News Release USDL: 96-328
Thursday, August 6, 1996
Contact: Deborah Page Crawford (202) 219-8151
OSHA Cites Richter's Bakery of San Antonio Following an
Industrial Fatality; Proposes Penalties of $1,040,000
The Occupational Safety and Health Administration (OSHA) today issued
citations and proposed penalties totalling $1,040,000 against Richter's
Bakery of San Antonio, Inc., in San Antonio, Texas, following an
investigation into an accident in February that killed one worker.
Assistant Secretary of Labor Joseph A. Dear, who heads OSHA, said,
"All employees should be able to come to work and do their job without
fear of injury or death. Taking measures against clear dangers could
have prevented this death."
The fatality occurred after an employee entered the yeast brew vat and
was asphyxiated. Two other employees were rescued from the
oxygen-deficient atmosphere after attempting to pull out the deceased
employee and losing consciousness.
During the investigation, OSHA found numerous violations of its
permit-required confined space, lockout/tagout, hazard communication,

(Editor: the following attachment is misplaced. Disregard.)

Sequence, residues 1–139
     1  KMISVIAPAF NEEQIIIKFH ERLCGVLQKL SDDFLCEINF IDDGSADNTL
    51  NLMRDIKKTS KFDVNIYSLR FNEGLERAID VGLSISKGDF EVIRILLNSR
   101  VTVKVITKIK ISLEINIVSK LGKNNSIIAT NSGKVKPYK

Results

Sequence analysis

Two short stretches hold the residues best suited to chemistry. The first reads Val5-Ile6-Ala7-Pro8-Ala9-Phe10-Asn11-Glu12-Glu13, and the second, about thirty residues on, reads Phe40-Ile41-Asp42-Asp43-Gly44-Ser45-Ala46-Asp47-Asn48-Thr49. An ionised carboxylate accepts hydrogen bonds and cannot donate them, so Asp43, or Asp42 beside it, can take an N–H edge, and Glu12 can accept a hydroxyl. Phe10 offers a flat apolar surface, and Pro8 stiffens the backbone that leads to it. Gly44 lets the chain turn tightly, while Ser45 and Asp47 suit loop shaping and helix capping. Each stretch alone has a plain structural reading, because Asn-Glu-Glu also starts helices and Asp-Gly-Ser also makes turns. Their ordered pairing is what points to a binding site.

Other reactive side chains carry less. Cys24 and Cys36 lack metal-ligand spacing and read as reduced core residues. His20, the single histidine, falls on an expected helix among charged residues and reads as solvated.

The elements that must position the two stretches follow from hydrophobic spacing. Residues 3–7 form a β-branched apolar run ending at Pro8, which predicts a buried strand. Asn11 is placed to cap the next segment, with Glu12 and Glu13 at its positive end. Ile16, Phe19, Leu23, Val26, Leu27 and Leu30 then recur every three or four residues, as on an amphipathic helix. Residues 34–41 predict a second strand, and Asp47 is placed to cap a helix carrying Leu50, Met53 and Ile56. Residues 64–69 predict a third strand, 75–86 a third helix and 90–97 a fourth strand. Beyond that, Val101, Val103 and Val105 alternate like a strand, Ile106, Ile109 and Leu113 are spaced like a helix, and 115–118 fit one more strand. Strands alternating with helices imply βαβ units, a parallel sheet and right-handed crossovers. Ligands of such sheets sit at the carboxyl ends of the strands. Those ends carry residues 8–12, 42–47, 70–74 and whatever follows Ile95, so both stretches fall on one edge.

machine guarding and electrical standards. OSHA's confined space
standard is intended to ensure that employees entering potentially
hazardous enclosed areas are properly trained and equipped to prevent
this type of occurrence.
Richter's Bakery is unionized and employs 200 at this location. The
company was cited for 14 willful violations with proposed penalties
of $980,000 for permit-required confined space entry, lockout/tagout,
and hazard communication.
Additionally, the company received citations for 14 serious violations
with a proposed penalty of $55,000 for electrical and machine guarding;
and five other-than serious violations with proposed penalties of $5,000
for housekeeping and electrical.
A willful violation is defined by OSHA as a violation committed with
indifference to a standard where there is substantial probability that
death or serious physical harm could result. The maximum penalty
that may be assessed for a willful violation is $70,000.
A serious violation is defined as one in which there is substantial
probability that death or serious physical harm could result, and the
employer knew or should have known of the hazard.
The company has 15 working days to contest the citations and proposed
penalties before the independent Occupational Safety and Health